companies whose share of 75 in the market is
    down to 35.
  • Trade of medicinal plants has crossed 900M
  • There are 170 biotechnology companies in India,
    involved in the development and manufacture of
    genomic drugs, whose business is growing
  • Sequencing genes and delivering genomic
    information for big Pharmaceutical companies is
    the next boom industry in India.

India Foreign Multi-National Companies
  • Top 5 American employers in India
  • General Electric 17,800 employeesHewlett-Pac
    kard 11,000 employeesIBM 6,000
    employeesAmerican Express 4,000
    employeesDell 3,800 employees
  • General Electric (GE) with 80 Million invested
    in India employs 16,000 staff, 1,600 RD staff
    who are qualified with PhDs and Masters
  • The number of patents filed in USA by the Indian
    entities of some of the MNCs (upto September,
    2002) are as follows Texas Instruments - 225,
    Intel - 125, Cisco Systems - 120, IBM - 120,
    Phillips - 102, GE - 95.
  • Staff at the offices of Intel (India) has gone
    up from 10 to 1,000 in 4 years,
    and will reach 2000 staff
    by 2006.
  • GE's RD centre in Bangalore is the company's
    largest research outfit outside the United
    States. The centre also devotes 20 of its
    resources on 5 to 10 year fundamental research in
    areas such as nanotechnology, hydrogen energy,
    photonics, and advanced propulsion.
  • It is estimated that there are 150,000 IT
    professionals in Bangalore as against 120,000 in
    Silicon Valley.

  • Top 5 American employers in India
  • General Electric 17,800 employeesHewlett-Pack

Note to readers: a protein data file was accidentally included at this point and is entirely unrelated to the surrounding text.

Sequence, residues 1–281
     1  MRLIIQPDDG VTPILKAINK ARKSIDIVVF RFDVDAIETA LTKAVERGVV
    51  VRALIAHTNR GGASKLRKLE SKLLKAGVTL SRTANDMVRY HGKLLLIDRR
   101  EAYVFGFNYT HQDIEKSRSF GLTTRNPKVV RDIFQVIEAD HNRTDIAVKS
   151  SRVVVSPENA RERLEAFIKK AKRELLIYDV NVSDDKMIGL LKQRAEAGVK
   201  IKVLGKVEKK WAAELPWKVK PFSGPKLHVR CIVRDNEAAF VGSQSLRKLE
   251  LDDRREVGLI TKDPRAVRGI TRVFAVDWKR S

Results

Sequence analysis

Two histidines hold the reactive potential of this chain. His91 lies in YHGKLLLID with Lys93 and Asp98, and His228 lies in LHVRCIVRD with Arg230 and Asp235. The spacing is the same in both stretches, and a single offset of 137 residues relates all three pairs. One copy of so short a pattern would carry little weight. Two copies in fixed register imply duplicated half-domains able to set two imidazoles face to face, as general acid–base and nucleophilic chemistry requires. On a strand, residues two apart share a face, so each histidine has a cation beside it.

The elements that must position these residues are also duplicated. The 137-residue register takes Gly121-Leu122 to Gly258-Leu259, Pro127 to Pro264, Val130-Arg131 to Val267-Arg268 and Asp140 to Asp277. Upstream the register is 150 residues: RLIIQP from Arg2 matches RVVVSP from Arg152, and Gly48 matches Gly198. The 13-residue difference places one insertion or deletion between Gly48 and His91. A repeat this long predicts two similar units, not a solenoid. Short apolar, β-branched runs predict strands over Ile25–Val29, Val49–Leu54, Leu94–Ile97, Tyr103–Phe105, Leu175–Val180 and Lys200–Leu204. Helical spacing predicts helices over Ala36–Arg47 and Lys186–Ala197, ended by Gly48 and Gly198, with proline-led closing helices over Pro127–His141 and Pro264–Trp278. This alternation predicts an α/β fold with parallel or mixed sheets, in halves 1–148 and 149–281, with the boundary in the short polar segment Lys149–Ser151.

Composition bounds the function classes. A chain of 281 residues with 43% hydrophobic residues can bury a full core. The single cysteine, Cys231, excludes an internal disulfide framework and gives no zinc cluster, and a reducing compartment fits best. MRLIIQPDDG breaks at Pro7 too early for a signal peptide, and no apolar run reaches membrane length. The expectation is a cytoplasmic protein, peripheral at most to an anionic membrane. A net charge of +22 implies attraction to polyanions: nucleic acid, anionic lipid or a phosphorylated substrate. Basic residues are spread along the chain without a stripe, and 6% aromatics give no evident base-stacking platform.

ard 11,000 employeesIBM 6,000
    employeesAmerican Express 4,000
    employeesDell 3,800 employees
  • General Electric (GE) with 80 Million invested
    in India employs 16,000 staff, 1,600 RD staff
    who are qualified with PhDs and Masters
  • The number of patents filed in USA by the Indian
    entities of some of the MNCs (upto September,
    2002) are as follows Texas Instruments - 225,
    Intel - 125, Cisco Systems - 120, IBM - 120,
    Phillips - 102, GE - 95.
  • Staff at the offices of Intel (India) has gone
    up from 10 to 1,000 in 4 years,
    and will reach 2000 staff
    by 2006.
  • GE's RD centre in Bangalore is the company's
    largest research outfit outside the United
    States. The centre also devotes 20 of its
    resources on 5 to 10 year fundamental research in
    areas such as nanotechnology, hydrogen energy,
    photonics, and advanced propulsion.
  • It is estimated that there are 150,000 IT
    professionals in Bangalore as against 120,000 in
    Silicon Valley.

William H. Gates, Chairman and Chief Software
Architect Microsoft Corporation (b-1955) Gates
emphasized that India had emerged as a major
global IT hub not because of the availability of
low-cost skills, as many believe. Rather, it had
more to do with the ''quality'' and ''world-class
skills'' to be found in India, he said. ''The key
is the quality of the human talent here. When
people do software projects in India, they do so
because this is the place they can find people
with the latest skills. It is not on the (cheap)
price (of labor),'' he was quoted as saying by
The Times of India newspaper. Gates had high
praise for the ''quality of educational
institutions which could make India into an IT
superpower.' September 19, 2000. http//www.atim .
Goldman Sachs Report of 1 October, 2003
"Dreaming with BRICs The path to 2050" India's